TfL’s report reveals the most visible Games legacy is the £6.5bn invested in new and improved infrastructure, providing greater capacity and reliability across the transport network, including to Queen Elizabeth Olympic Park. The Mayor and TfL are now working to build upon this legacy through further investment in new, upgraded and extended transport links and road networks, with unprecedented levels of collaboration between transport operators being maintained.

CILT’s Maintaining Momentum report, extensively referenced in the Mayor’s Road Task Force report issued last week, calls for greater use of night time Quiet Deliveries and increased communication and collaboration between TfL and freight operators. CILT is pleased that these recommendations have been adopted in TfL’s legacy report.

Following the success of the Freight Demand Management programme for the London 2012 Games, TfL has set up a Freight Delivery Unit and will continue the Freight Forum, which brings together those making, receiving and managing freight and logistics in London, to build on the lessons from the Games.

TfL issued a Code of Practice, encouraging the use of ‘Quiet Deliveries’ of goods during non-standard delivery hours, the success of which has led TfL to develop permanent guidance.  This is expected to be published in early 2014.  The Department for Transport already has a commitment, from the Logistics Growth Review in 2011, to re-write its existing guidance on Quiet Deliveries.  This is expected to be published this summer, and it, too, will incorporate lessons learned from the Games.

1.     The full TfL ‘transport legacy –one year on’ report is available to download at http://www.tfl.gov.uk/assets/downloads/corporate/london-2012-transport-legacy-one-year-on-report.pdf

2.     CILT’s Maintaining Momentum: Summer 2012 Logistics Legacy Report is available at: http://ciltuk.org.uk/maintaining.aspx

3.     TfL’s ‘Olympic Legacy Monitoring: Personal travel during the Games’ and ‘Olympic Legacy Monitoring: Adaptations to deliveries by businesses and freight operators during the Games’ are available to download at www.tfl.gov.uk/travelinlondon;

4.     The Mayor’s “Leaving a Transport Legacy – Olympic and Paralympic Transport Legacy Action Plan” published in March 2012 is available at http://www.london.gov.uk/sites/default/files/leaving-a-transport-legacy.pdf

MONDAY MORNING CLASSIC: (UK, 1997) This Is Not A Yellow Bus !

AllAboutBuses invites you to banish the Monday morning back-to-work blues with a spot of time travel . .

This week’s classic takes us to Bournemouth in 1997, for a bus that is not all it seems . .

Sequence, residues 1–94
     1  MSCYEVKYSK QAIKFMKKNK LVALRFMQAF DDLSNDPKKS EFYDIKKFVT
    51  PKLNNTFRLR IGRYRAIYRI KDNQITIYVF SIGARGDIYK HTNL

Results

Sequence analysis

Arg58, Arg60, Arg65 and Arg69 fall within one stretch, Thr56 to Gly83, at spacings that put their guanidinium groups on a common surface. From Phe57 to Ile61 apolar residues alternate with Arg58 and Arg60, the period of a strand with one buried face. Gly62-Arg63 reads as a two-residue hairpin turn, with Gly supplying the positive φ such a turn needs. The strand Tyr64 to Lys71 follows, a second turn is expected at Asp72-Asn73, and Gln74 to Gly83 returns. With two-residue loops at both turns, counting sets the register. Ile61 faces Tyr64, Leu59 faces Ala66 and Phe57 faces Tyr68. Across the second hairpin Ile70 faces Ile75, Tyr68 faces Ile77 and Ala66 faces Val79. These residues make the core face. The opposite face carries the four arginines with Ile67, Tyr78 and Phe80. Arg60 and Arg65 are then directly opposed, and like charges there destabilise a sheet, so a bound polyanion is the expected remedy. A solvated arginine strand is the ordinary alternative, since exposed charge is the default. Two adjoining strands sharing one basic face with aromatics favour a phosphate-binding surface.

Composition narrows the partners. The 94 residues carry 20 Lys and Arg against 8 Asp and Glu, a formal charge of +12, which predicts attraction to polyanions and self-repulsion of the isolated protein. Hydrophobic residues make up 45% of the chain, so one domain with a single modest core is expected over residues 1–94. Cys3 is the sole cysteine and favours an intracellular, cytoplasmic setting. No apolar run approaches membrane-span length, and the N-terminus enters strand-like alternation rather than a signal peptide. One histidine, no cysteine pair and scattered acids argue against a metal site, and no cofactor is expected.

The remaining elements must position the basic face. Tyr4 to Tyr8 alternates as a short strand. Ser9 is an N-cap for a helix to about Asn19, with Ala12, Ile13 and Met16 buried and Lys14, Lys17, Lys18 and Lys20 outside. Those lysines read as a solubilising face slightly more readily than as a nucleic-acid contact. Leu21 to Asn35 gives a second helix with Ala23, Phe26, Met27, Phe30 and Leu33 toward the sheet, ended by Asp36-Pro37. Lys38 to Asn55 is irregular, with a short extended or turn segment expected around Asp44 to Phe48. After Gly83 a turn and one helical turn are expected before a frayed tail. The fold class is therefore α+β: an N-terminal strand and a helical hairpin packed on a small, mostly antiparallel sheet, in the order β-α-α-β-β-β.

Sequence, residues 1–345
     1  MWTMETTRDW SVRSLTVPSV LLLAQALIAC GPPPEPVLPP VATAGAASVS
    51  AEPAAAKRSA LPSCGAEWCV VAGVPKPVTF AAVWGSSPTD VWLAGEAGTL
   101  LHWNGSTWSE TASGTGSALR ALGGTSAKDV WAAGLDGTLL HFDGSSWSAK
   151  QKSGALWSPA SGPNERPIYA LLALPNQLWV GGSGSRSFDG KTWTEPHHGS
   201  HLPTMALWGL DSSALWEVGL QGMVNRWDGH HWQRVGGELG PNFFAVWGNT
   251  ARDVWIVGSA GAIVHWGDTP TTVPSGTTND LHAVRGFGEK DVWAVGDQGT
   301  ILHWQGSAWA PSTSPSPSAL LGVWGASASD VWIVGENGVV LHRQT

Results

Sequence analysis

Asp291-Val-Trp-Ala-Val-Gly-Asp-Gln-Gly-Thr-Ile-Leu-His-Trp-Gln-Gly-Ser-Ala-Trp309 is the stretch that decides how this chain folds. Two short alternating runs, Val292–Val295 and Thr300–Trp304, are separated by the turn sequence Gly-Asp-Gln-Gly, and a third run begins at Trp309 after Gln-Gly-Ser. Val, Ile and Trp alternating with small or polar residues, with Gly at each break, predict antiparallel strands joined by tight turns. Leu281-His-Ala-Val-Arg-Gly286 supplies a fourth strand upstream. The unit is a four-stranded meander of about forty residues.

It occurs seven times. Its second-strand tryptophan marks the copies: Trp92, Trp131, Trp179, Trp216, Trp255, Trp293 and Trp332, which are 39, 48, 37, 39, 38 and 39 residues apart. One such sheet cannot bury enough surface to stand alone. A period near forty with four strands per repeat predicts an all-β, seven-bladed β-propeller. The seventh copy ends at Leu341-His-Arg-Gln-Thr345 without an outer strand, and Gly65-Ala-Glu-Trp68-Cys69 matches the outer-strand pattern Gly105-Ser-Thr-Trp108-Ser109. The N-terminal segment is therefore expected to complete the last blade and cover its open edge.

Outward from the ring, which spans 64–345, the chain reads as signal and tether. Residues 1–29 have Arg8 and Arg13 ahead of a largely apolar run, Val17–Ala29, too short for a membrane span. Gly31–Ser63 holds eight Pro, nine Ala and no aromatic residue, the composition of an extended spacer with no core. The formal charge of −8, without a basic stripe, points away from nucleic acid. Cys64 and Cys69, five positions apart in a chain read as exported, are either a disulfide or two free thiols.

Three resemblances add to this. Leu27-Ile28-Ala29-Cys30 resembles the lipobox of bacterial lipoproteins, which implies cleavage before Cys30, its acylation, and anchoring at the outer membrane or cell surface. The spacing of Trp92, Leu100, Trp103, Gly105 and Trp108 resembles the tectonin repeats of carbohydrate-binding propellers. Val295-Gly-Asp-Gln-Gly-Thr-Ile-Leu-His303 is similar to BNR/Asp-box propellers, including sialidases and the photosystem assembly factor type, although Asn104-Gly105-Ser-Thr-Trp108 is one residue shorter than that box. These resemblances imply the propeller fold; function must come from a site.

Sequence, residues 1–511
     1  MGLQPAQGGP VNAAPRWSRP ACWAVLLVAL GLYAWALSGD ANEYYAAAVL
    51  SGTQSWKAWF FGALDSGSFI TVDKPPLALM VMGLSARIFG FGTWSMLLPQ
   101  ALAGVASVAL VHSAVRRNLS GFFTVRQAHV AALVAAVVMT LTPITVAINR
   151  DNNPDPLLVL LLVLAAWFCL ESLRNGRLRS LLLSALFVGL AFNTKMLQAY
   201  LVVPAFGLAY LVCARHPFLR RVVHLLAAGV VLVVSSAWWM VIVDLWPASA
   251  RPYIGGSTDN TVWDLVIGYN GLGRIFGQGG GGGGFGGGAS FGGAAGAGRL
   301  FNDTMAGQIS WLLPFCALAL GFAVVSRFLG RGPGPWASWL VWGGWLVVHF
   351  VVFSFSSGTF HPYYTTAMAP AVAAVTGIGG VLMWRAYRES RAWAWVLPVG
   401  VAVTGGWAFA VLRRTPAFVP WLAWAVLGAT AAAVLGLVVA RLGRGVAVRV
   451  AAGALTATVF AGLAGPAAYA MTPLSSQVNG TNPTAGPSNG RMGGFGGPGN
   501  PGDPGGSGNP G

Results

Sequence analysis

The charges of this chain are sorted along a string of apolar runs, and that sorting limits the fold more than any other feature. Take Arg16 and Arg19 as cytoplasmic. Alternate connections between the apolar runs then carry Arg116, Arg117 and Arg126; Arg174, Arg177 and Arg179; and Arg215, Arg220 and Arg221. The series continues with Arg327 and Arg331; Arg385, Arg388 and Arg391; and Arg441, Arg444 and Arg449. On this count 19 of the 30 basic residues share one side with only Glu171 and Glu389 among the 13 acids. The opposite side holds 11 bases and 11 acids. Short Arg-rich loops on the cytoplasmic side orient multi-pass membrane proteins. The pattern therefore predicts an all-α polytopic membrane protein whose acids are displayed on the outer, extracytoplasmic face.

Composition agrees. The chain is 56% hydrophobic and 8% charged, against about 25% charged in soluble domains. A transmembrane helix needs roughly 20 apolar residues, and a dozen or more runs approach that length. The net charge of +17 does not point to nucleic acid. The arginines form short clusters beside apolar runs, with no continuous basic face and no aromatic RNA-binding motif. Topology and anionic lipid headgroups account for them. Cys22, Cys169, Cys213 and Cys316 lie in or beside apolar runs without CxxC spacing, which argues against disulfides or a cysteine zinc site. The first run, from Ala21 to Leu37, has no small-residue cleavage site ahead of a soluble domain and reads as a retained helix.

409

Bournemouth, on the south coast of England. Renowned for its sandy beaches, its safe holiday atmosphere, and its large elderly population. Home, in the late 1990s, when this photo was taken, of the municipal fleet of yellow painted buses, operating under the fleet name of . . Yellow Buses.

The buses on either side of our subject are indeed Yellow Buses, in all senses of the word. The fleetname can even be seen on the bus in the background, on the right side of the picture. But the bus in the centre, the brightest, yellowest bus of all, is not a “Yellow Bus”

The fleetname could be generic to any large city, but only the small sticker on the front window gives us a clue that this is actually a London bus, a “red bus” if you will.

This was the era when London Regional Transport allowed the different operators of tendered bus services free reign in terms of livery, and with Grey Green buses on the 24, maroon and cream Routemasters of Kentish Bus on the 19, the the yellow buses of Capital Citybus dominating the east, it looked like the traditional red London bus could become a thing of the past.

Capital Citybus grew out of the the network of London routes won on tender by Ensignbus – they started small with the 145, then they got the 62, then a huge swathe of routes when Hornchurch Garage closed in 1988, and more to follow. Sold off to a Chinese investor, Capital Citybus eventually ended up much later coming into the First Group fold, and until recently formed much of the eastern edge of that group’s London operations.

So it’s a London bus, not a Yellow Bus, but what it it doing in Bournemouth?

A closer look shows it is blinded for the 752 Coastliner Excursion service – express day trips from London to the seaside towns were big business in the years after World War II, and the practice continued right through to the 90s.  So Capital Citybus number 409 is working an excursion, and, therefore, it must be a Sunday.

The bus itself is also interesting, being a representative of a small and almost forgotten type – the Dennis Arrow, the last high-floor double-deck produced by the Guildford manufacturer, and introduced (in 1995) so close to the coming of lowfloor accessible deckers that it never really had time to take off in the marketplace. Less than a hundred Arrows were built between 1996 and 1998, the vast majority went to Capital Citybus, a handful to London & Country, and ones or twos to other operators. This example has Northern Counties bodywork, but many were delivered with bodywork by East Lancs.